The Wooly Fire Brigade
Page 2

On a recent day I decided to join the flock while they were grazing the section below the giant flag on C-Hill. Sheep start their day at the crack of dawn, following their natural inclination to move uphill and immediately begin grazing. I have no problem with the crack-of-dawn part, but the moving uphill conflicts with my natural inclination to stay downhill. I really had to remind myself to do as the sheep do when in sheepland.

About half way up the hill and within 15 feet of


the nearest sheep, I encountered Gringo, the flock's guard dog. Gringo is a Great Pyrenees, as tall as a full grown sheep and almost as wooly. He very gently put one paw on my shoulder, conveying the message that I am about as close to the sheep as he is willing to tolerate. He is very friendly in this situation, though, even accepts petting. But the paw stays firmly on my shoulder until the sheep have moved away far enough for Gringo to consider me no longer a threat.

Suddenly the sheep reverse direction and start moving downhill toward their bedding ground again. The herders, Arcadio and his son Umberto, had left their camp trailers and found the sheep where they're not supposed to be. So they sent their three sheep dogs, Guero, Chappo and Miki, to round up the herd and move it to the foot of the hill, the area that needs to be grazed today.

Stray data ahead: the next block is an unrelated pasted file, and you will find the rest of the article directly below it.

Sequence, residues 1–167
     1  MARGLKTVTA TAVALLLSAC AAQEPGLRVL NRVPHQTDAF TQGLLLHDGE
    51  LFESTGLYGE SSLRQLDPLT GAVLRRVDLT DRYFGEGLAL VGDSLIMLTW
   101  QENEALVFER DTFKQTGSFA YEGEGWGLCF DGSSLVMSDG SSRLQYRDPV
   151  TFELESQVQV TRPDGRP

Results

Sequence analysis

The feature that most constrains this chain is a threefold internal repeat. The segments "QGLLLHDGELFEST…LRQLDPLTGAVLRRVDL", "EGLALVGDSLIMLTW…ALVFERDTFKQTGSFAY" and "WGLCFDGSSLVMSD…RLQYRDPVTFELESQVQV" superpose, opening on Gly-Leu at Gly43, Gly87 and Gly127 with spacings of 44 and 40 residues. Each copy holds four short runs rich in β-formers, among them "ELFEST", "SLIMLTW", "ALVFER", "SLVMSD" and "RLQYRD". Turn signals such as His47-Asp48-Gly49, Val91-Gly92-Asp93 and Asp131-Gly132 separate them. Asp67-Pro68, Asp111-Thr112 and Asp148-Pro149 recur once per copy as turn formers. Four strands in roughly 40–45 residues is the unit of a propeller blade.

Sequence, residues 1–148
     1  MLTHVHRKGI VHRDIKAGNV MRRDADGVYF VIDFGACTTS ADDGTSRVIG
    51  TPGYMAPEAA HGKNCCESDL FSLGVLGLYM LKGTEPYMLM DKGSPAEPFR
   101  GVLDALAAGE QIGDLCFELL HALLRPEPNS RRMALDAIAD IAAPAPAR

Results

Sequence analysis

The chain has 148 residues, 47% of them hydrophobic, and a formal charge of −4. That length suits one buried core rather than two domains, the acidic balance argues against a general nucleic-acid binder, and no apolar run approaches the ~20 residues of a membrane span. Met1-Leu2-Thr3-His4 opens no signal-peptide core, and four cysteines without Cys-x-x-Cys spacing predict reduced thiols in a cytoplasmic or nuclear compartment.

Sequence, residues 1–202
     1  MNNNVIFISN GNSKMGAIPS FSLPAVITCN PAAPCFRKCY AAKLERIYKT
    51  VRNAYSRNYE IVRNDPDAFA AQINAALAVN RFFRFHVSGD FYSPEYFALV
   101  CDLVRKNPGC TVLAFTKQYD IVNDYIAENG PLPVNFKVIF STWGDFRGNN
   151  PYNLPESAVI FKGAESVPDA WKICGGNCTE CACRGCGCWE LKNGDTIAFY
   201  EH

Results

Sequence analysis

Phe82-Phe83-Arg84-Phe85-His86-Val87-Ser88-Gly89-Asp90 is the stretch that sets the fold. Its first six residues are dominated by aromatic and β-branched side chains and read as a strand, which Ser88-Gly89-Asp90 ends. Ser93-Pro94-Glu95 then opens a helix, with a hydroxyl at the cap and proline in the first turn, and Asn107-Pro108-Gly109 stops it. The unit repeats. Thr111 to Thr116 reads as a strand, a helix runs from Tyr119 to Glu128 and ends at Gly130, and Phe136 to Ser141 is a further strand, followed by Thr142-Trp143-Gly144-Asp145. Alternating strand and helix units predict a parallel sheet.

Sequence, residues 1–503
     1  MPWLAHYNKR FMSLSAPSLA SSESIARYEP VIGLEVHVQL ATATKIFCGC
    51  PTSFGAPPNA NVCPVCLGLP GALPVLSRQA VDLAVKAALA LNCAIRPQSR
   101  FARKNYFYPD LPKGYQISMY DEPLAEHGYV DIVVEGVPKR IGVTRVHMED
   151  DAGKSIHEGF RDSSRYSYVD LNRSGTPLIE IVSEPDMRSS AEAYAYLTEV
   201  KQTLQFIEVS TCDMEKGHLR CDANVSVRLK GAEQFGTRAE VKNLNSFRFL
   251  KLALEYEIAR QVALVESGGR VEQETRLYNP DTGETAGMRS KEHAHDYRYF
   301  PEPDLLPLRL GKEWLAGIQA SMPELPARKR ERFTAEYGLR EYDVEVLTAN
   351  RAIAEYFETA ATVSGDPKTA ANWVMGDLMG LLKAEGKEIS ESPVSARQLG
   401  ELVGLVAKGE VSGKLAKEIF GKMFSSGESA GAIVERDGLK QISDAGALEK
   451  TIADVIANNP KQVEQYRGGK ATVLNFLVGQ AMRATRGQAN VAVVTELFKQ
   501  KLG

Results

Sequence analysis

The sheep dogs, Border Collies in this case, only herd the flock, but do not protect the animals from predators and generally leave them alone when grazing. The guard dog, on the other hand, constantly mingles with the sheep and moves along wherever they go.

Sheep can get their drinking water from morning dew on the grass, or from a stream. However, with neither one present in the hills west of Carson City, it has to be trucked in. Two large troughs near the parking lot on McKay Drive and several oversized plastic buckets on the bedding ground have to be replenished daily. Sheep can be picky about what they drink and may refuse water that is contaminated with scum or algae.

Looking at hundreds of sheep at the troughs, kicking up dust while either drinking or waiting their turn, one may feel like being in Australia or

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